Edvard Munch is one of the most important pioneers of Expressionism in Europe. In 1863 he was born in Løten (Hedmark), Norway, the son of the doctor Dr Christian Munch and his wife Laura Catherine, née Bjølstad. In 1864 the family moves to Christiania (Oslo). In 1868 his mother dies of tuberculosis, and in 1877 his sister Sophie falls victim to the disease at the age of 15.

In 1879 Munch began to study architecture, which he abandoned in 1880 in order to transfer to the drawing school in Christiania in 1881. In 1883 he participated in an exhibition for the first time, in 1885 he received his first scholarship and travelled to Paris. In 1889 Munch held his first solo exhibition and rented a house in Åsgårdstrand. Munch receives a second state scholarship and undertakes further trips abroad. In 1892 he accepts an invitation to Berlin. The opening of his exhibition in the "Architektenhaus" turns into a scandal. The controversy surrounding its closure led to the founding of the "Berlin Secession".

Munch travelled extensively throughout Europe and exhibited his works in Germany, France and Norway. In 1898 he met and fell in love with Tulla Larsen. In 1902 this relationship came to a dramatic end; in a quarrel with her Munch lost a phalanx of his left hand. In the same year he met Dr. Max Linde in Lübeck, and in 1903 Gustav Schiefler in Hamburg. Schiefler became a friend and patron and later compiled Munch's first catalogue raisonné. Until 1906 Munch travelled extensively and repeatedly exhibited his works. In 1906 he made Max Reinhardt's acquaintance and was commissioned to design the foyer of the Deutsches Theater Berlin and Reinhardt's stage set for Ibsen's "Ghosts".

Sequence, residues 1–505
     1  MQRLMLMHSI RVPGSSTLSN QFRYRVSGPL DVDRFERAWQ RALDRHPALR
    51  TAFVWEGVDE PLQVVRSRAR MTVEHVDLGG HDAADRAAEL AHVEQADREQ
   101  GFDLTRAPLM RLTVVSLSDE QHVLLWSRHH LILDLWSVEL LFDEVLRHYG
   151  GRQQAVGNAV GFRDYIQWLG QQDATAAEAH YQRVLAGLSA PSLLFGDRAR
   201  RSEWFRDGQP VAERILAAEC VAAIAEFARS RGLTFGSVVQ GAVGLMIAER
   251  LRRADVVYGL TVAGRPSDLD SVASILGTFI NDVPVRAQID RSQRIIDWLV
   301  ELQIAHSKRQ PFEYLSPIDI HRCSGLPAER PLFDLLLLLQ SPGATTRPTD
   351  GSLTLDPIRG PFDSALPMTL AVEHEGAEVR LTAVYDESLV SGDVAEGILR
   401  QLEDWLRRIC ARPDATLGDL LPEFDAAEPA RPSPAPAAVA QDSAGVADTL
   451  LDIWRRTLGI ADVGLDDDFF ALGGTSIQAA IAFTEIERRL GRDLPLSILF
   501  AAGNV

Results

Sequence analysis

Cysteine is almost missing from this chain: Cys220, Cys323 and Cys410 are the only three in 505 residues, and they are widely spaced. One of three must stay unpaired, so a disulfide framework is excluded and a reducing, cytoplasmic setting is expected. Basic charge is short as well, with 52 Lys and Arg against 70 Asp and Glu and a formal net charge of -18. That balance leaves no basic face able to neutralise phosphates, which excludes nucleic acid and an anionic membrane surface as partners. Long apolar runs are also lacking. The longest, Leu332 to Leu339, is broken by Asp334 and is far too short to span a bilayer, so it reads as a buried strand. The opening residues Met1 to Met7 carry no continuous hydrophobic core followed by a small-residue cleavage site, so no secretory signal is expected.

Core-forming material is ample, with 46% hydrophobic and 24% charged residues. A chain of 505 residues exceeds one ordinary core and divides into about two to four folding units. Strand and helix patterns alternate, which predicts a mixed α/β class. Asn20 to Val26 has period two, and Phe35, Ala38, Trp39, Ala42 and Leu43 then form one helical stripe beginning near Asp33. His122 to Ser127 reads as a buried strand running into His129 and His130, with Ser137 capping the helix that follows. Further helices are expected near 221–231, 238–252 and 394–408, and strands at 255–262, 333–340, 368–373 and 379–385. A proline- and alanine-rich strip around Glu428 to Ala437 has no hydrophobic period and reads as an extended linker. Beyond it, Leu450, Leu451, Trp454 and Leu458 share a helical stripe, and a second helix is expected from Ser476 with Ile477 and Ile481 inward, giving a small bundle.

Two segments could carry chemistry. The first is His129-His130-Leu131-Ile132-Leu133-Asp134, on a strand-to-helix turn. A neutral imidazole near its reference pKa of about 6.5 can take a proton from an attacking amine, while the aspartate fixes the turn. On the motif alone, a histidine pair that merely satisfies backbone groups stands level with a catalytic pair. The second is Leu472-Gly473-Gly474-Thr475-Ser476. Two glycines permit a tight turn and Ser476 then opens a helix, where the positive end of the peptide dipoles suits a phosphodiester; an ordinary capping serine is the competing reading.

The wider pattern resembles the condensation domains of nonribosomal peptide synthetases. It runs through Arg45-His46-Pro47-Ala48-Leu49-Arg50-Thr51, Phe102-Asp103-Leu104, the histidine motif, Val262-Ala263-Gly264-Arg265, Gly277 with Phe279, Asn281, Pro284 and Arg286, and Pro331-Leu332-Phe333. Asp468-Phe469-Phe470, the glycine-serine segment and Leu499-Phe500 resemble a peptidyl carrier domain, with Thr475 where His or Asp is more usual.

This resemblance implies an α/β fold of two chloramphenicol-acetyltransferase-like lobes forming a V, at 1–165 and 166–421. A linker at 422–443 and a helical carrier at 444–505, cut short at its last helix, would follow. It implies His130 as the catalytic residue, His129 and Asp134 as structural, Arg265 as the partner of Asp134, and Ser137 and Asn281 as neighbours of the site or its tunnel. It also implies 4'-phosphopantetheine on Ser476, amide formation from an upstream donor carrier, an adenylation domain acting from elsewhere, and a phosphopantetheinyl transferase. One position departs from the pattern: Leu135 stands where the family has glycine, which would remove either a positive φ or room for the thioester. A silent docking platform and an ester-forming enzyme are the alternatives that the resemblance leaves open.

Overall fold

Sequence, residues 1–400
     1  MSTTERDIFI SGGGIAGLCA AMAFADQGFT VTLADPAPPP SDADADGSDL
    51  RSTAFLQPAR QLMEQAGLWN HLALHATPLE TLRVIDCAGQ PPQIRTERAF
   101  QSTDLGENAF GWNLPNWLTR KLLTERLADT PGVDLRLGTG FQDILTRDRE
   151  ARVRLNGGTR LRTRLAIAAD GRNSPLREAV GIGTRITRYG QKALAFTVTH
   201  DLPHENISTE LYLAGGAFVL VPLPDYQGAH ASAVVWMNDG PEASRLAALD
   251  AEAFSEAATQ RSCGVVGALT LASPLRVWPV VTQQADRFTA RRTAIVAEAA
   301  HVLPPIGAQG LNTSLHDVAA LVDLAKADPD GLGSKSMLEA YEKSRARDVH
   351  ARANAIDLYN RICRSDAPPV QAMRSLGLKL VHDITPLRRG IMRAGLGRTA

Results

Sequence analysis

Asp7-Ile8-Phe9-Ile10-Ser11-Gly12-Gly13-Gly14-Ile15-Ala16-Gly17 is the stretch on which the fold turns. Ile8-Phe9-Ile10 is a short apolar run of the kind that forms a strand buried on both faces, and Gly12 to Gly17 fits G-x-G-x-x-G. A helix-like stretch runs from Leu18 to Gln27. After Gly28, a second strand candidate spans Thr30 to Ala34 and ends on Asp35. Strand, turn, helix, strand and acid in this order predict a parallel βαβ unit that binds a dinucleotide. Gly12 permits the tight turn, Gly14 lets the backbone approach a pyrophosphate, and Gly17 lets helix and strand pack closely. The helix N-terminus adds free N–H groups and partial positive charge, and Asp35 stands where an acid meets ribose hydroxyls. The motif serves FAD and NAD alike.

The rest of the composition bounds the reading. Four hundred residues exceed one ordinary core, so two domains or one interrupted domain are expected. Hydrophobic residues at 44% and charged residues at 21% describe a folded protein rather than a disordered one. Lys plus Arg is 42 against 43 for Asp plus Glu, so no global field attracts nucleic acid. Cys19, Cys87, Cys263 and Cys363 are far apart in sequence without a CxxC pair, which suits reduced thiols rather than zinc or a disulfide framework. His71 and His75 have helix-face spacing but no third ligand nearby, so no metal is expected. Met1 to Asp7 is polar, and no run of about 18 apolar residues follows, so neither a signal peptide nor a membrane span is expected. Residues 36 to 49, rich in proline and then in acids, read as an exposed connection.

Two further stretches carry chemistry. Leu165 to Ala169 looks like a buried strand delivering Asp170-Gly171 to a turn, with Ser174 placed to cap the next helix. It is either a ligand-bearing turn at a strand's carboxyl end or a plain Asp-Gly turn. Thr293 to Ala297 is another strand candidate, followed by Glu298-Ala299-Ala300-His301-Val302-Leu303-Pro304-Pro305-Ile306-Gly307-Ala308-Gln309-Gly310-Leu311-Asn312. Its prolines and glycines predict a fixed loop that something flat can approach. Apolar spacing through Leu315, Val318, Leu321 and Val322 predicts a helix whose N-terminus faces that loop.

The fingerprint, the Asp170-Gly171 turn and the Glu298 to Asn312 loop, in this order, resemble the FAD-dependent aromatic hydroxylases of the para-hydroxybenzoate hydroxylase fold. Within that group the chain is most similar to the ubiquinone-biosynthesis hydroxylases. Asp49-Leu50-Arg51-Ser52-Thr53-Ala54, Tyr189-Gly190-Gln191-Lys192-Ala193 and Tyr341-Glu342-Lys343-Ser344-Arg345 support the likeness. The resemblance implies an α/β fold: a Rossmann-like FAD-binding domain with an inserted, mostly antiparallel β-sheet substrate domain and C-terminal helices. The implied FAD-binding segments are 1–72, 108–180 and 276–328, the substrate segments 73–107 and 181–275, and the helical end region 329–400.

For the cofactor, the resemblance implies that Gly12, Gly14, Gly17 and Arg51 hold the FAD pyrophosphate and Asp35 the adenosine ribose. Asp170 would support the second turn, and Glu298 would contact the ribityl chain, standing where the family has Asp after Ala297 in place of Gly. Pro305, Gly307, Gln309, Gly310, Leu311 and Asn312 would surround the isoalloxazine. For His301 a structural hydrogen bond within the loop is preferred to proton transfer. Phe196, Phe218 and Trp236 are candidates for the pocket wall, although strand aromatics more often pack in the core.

In May 1907 Munch came to Warnemünde and lived there until October 1908, after which he spent a long time in Dr. Daniel Jacobson's mental hospital in Copenhagen. From 1909 until the end of his life, Munch lived in Norway. He first settled in Kragerø and took part in the competition to decorate the new auditorium of Oslo University.

Between 1912 and 1915 Munch travelled extensively. In 1916 he bought a house in Ekely near Christiania, which became the artist's last residence and studio. In 1923 he is appointed a member of the Prussian Academy of Arts and in 1925 an honorary member of the Bavarian Academy of Arts. In 1926 his sister Laura dies.

In 1937 the National Socialists confiscate 82 of his works in Germany as "degenerate art". In 1944 Edvard Munch dies at the age of 81. He bequeathed his entire oeuvre to the city of Oslo, which has made it accessible to the public in the Munch Museum since 1963.

Selbstporträt vor blauem Himmel, 1908, © Munch-Museum Oslo
Badende Männer, 1907, © Finnisches Nationalmuseum Helsinki
Kinder auf der Straße, 1907, © Munch-Museum Oslo
Alter Mann in Warnemünde, 1907, © Munch-Museum Oslo
Der ertrunkene Junge, 1908, © Munch-Museum Oslo
Maurer und Mechaniker, 1908, © Munch-Museum Oslo
Marats Tod II (Die Mörderin), 1907, © Munch-Museum Oslo
Amor und Psyche, 1907, © Munch-Museum Oslo
Das weinende Mädchen I, 1907, © Munch-Museum Oslo
Kanallandschaft bei Sonnenuntergang, 1908, © Munch-Museum Oslo
Gustav Schiefler, 1908, © Munch-Museum Oslo
Olga und Rosa Meissner, 1907, © Munch-Museum Oslo